Trailing a Fire Island ferry into the gray, corrugated Great South Bay, it rode its wake, laterally rocking, as the open water’s cool breeze wrestled for dominance with the music’s audible waves.
Maintaining a southwesterly heading beneath the early-evening’s dirty-white and metallic-gray quilt, which was penetrated by an orange ooze on its western horizon, the “Lauren Kristy” bit into the Great South Bay with its bow, inching toward the Robert Moses Causeway.
Sandwiched between Long Island’s south shore and Fire Island National Seashore, the Great South Bay itself, with a 26-mile length, three-mile width, and 151-square-mile area, is both the area’s largest south shore bay and New York State’s largest shallow saltwater bay. Injected with 5,231 gallons of water per second, it has an average 4.3-, but maximum 20-, foot depth, and provides a habitat for up to 85 species of fish.
Once a significant domain for Long Island baymen, it serves as a major marine transportation artery for fishing, pleasure, excursion, and ferry boats.
Slipping under the green-metallic Robert Moses Causeway Bridge at 18:45, the riverboat once again emerged into open waters, joining the scatter of craft whose sails, billowing to the point of bursting in the fierce wind, appeared like overblown tubes.
Spanning 8.10 miles between West Islip and Captree Island, the causeway itself proceeds, via the State Boat Channel Bridge, to Jones Beach Island and the western tip of Fire Island. The original, north- and southbound span, completed in 1951, was doubled when a second artery was constructed next to it.
The paddles on the “Lauren Kristy’s” stern-attached wheel, mostly pushed by the wind’s hand, managed to skim the water’s surface, each re-emerging from its temporary, although paltry, propulsion providing dip.
Integral to both sea and airborne craft, the wind provided lift to the periodic private airplanes following their departure paths in the sky from Republic Airport in Farmingdale.
Dinner, announcing itself in the form of main deck-escaping aromas and tickling the passengers’ ping-ponging stomach pangs, entailed a mixed green salad with creamy Italian and Russian dressings; dinner rolls; carved prime rib of beef, chicken francaise, seafood Newburg, rice pilaf, and broccoli; chocolate fudge cake and apple tartlets; and coffee.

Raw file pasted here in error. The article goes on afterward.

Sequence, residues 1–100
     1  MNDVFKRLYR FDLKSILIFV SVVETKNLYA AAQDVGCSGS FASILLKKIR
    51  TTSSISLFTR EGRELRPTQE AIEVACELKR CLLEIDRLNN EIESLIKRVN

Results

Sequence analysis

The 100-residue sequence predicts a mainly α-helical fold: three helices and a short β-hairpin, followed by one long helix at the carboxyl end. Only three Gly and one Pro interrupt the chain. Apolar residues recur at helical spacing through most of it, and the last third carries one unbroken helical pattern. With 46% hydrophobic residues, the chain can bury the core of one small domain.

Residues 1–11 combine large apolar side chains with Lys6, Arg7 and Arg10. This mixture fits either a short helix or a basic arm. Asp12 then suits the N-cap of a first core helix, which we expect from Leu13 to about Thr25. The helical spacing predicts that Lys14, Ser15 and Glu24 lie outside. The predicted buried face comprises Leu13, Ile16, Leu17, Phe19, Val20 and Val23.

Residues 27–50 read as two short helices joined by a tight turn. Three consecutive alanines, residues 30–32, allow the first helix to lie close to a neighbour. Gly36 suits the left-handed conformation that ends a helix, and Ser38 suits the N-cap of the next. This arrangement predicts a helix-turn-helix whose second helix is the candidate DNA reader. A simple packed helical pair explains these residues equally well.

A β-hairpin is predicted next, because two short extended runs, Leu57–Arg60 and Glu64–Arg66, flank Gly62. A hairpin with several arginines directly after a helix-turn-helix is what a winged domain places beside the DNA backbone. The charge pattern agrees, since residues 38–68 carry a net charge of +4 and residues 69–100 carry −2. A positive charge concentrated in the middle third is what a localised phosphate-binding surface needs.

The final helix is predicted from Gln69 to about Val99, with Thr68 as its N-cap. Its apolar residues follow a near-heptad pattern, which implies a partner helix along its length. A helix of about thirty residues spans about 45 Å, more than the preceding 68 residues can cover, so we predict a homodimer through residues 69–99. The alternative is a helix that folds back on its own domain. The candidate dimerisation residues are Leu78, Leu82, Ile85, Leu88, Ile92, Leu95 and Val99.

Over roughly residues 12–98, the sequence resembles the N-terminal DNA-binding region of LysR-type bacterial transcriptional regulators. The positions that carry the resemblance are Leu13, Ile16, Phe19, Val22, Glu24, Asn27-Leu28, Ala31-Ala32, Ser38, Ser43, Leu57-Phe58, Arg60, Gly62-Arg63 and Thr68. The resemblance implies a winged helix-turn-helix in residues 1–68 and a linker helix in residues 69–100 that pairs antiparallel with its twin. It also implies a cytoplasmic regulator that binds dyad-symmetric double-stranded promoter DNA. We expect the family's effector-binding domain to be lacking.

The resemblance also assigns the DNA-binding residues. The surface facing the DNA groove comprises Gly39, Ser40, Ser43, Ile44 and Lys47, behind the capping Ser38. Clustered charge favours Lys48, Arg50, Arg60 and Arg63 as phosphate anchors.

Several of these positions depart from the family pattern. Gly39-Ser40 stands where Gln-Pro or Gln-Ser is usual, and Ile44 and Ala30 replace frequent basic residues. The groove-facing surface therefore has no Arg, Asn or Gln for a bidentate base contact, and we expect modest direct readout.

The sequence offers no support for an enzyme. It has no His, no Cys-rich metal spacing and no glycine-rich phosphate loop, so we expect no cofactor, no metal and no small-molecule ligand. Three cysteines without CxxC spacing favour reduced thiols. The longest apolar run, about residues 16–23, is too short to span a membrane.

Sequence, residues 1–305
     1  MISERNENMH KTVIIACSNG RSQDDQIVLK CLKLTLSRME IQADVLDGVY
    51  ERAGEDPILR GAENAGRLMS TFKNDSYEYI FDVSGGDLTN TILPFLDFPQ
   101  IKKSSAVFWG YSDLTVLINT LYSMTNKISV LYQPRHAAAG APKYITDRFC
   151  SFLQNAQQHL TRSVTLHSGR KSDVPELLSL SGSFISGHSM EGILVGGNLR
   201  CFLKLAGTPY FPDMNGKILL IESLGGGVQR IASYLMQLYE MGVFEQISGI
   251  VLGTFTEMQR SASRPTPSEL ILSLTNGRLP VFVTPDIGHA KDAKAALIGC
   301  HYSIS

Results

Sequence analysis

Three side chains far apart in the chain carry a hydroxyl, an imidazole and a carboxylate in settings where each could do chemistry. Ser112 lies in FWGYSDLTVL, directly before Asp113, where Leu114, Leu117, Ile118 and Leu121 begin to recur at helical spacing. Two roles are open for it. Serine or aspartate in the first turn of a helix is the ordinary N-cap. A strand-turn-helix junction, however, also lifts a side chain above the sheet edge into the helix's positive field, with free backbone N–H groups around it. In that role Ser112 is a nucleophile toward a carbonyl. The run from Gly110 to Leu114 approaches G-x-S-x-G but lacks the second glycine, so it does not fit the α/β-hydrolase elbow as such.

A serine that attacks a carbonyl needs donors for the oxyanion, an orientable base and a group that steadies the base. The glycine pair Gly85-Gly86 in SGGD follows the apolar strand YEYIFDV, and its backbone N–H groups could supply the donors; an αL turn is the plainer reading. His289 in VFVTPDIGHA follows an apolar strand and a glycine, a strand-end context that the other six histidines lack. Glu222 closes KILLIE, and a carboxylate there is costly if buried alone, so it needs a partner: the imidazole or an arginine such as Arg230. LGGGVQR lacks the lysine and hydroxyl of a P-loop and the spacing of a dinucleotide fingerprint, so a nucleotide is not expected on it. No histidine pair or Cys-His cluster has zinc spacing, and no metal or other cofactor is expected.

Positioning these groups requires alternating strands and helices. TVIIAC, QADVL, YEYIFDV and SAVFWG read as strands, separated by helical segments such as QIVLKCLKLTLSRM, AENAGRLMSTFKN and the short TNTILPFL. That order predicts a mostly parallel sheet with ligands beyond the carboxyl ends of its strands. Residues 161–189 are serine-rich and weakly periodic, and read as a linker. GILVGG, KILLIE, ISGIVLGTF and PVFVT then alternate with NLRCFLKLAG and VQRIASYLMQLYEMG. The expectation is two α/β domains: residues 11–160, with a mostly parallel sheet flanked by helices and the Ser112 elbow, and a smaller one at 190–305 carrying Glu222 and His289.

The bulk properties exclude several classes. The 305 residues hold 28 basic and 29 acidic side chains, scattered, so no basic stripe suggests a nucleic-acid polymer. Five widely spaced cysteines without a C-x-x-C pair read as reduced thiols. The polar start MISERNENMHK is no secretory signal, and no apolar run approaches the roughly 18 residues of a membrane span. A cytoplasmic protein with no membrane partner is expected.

Having amended its mostly-westerly to a current southeasterly heading, the paddlewheeler entered the Captree Island boat channel, threading its way through light green patches of eelgrass, dock-provisioned homes, and Captree State Park, with its kindred-spirit “Delta Lady” paddlewheel vessel and fleet of fishing boats.
Established in 1954, the 298-acre Captree State Park itself, located on the eastern tip of Jones Beach Island, is in the heart of the fishing grounds whose crop of fluke and flounder is supplemented by seabass and blackfish in the autumn. Facilitating this sport are two fishing piers, a boat launch ramp with parking for 64 boat trailers, and a basin for charter, scuba diving, excursion, and sightseeing vessels. Its other island- and water-related fowl include white pelicans, terns, gulls, common loons, black skimmers, and duck.
By 19:50, the Fire Island Lighthouse loomed in the distance.
In order to plug the hole through which numerous Long Island inlet-entering ships had fallen–resulting in the mishaps which did not quite let them “in”–lighthouses naturally rose from the once-barren land like overgrown concrete sentinels waving warning lanterns. The first, on Montauk Point, was built in 1796, while its Fire Island counterpart followed 29 years later, in 1825, rising from its edge after a construction project whose cost had fallen only 35 cents short of its $10,000 budget.
The 74-foot high, octagonal pyramid, covered with Connecticut River blue split stone, both guided transatlantic ships entering New York Harbor and served as a symbolic landmark for European immigrants arriving in the land of freedom and opportunity.
But its height quickly proved its own handicap, leaving its stunted growth to counteract its intended purpose, and in 1857 Congress appropriated $40,000 for an almost 100-foot taller structure on an 82-acre tract of land. Phoenix-like, it stretched from a terrace made of its first version’s stone.